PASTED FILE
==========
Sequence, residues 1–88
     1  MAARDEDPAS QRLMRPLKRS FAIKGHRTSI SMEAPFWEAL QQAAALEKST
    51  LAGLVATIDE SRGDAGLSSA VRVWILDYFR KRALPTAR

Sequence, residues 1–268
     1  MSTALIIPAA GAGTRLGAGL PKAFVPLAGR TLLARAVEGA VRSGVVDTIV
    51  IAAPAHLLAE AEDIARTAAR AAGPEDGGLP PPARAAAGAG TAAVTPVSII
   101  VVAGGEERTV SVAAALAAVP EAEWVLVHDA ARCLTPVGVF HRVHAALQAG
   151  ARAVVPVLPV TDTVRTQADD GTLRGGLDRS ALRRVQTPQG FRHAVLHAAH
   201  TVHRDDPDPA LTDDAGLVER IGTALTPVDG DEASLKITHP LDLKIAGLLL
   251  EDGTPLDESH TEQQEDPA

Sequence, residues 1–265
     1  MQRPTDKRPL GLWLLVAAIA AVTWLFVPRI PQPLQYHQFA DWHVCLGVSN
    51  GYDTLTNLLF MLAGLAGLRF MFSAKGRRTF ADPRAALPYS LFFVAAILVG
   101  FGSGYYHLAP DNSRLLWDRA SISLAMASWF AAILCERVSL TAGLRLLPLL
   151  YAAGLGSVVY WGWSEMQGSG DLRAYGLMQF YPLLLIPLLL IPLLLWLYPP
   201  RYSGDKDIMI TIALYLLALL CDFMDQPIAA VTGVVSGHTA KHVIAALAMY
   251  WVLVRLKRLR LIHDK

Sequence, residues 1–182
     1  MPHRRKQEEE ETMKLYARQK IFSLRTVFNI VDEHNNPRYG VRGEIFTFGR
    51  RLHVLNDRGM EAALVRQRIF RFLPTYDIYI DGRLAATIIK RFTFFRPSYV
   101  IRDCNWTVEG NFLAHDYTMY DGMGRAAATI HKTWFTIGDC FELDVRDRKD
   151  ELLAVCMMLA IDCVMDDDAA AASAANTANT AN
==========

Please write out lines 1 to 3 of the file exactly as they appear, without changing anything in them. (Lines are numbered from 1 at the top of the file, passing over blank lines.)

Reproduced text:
Sequence, residues 1–88
     1  MAARDEDPAS QRLMRPLKRS FAIKGHRTSI SMEAPFWEAL QQAAALEKST
    51  LAGLVATIDE SRGDAGLSSA VRVWILDYFR KRALPTAR